In Nairobi the epicenter of the violence was Africa's largest slum, Kibera, where a million people live in tin shacks and clapboard huts--without sewerage, hospitals or jobs--a five-minute drive from some of the city's most luxurious homes. Richard Dowden, director of the Royal African Society in London, describes Kenya's poor as the "explosive dispossessed," ready to erupt into violence.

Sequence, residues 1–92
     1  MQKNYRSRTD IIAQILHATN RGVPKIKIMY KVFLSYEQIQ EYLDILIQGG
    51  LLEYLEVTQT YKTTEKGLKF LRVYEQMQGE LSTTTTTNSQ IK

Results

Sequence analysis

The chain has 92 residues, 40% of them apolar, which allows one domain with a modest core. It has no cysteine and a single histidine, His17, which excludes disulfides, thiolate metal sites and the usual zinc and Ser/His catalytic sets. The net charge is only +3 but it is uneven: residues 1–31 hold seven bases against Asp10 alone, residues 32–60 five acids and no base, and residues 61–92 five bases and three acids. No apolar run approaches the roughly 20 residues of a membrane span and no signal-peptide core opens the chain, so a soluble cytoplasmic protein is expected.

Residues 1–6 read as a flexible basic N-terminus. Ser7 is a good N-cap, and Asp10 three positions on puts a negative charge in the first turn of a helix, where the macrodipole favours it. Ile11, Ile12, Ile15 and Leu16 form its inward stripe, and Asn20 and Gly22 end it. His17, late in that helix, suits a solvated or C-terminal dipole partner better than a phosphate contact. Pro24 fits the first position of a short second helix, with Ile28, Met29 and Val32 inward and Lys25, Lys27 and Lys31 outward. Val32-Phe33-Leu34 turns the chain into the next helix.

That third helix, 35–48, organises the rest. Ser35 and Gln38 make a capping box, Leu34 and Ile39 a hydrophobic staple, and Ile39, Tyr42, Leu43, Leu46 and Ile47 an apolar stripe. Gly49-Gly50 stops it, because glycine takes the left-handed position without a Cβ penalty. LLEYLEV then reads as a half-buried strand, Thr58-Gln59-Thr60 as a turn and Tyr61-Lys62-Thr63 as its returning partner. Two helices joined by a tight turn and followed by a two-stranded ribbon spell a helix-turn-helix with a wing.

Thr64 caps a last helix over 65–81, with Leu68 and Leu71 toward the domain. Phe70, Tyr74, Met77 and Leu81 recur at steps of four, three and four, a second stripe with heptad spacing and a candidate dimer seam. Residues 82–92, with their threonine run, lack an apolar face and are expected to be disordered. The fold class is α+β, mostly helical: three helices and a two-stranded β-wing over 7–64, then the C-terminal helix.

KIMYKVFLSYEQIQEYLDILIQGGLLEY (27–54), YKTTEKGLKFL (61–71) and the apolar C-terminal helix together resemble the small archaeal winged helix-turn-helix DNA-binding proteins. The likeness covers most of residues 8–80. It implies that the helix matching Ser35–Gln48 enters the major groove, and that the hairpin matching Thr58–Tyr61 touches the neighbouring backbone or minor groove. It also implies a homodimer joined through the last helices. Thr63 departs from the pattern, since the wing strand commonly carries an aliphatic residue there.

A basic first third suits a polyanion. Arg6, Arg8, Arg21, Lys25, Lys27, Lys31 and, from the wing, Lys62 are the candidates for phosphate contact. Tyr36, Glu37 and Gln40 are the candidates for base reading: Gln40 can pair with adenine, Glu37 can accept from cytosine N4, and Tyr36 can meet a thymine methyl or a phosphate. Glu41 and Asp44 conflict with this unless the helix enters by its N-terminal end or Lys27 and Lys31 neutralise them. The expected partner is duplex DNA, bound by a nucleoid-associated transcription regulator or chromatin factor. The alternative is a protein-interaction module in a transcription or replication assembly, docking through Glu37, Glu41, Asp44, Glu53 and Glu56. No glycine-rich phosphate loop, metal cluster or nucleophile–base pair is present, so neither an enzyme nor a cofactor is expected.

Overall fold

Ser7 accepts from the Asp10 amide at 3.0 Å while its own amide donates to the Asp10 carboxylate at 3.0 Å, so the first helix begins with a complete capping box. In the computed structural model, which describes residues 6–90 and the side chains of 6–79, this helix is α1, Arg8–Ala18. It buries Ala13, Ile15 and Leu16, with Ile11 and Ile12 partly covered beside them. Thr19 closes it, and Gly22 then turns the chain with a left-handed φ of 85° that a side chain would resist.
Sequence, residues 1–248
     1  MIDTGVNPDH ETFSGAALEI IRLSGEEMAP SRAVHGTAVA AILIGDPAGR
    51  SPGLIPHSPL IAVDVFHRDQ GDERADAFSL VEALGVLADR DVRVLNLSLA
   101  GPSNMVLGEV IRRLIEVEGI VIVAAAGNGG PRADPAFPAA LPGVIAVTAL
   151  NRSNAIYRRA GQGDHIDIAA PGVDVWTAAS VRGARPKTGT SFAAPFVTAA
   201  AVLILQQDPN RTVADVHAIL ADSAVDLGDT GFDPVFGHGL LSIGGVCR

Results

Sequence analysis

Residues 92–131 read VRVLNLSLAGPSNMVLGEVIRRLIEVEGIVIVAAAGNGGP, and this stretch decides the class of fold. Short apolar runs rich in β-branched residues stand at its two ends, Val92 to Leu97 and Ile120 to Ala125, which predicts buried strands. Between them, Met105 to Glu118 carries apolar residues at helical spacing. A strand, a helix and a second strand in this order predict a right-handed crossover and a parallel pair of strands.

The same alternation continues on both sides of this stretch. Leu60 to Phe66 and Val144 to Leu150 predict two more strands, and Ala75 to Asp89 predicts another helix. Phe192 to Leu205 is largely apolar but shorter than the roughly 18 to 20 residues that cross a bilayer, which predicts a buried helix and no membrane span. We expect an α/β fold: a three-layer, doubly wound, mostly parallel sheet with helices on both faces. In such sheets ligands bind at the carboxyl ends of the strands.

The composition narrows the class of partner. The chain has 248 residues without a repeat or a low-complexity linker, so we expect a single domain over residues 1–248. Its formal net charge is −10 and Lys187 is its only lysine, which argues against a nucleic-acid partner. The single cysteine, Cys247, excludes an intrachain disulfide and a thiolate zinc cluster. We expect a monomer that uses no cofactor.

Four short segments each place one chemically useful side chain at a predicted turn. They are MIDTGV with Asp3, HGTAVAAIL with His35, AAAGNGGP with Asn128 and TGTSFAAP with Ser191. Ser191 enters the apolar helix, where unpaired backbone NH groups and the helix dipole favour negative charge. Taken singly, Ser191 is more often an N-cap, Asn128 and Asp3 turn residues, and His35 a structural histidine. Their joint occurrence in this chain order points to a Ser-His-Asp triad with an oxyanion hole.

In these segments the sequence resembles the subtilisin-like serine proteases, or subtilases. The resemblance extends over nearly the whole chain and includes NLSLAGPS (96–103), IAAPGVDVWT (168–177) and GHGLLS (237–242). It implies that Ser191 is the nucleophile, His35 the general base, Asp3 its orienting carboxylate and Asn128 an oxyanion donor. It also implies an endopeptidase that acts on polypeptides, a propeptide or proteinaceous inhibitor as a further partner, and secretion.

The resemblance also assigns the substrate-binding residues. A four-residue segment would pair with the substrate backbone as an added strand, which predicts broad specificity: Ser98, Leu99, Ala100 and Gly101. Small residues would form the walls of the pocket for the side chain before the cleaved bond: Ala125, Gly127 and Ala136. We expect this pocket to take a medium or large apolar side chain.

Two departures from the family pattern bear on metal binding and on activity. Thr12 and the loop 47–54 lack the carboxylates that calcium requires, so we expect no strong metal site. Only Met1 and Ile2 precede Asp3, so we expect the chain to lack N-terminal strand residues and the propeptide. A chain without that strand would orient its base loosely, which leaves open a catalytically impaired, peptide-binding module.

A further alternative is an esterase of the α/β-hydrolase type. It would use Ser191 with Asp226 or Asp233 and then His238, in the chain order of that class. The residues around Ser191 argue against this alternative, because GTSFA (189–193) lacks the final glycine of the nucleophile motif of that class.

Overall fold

They did. Starting on New Year's Eve, tens of thousands of Kalenjin and Luo tribesmen tore through the Kikuyu sections of Kibera, mirroring violence across the country. Few seemed to care whether Kibaki and his tribe would fight back. "If there's civil war, it is the Kikuyus who will lose," says Titus Odiambo, a Luo fish trader. "It's their buildings that will burn. We don't have anything at stake." Some Kikuyu gangs struck back, but tens of thousands simply fled to the central highlands, where they are the majority tribe.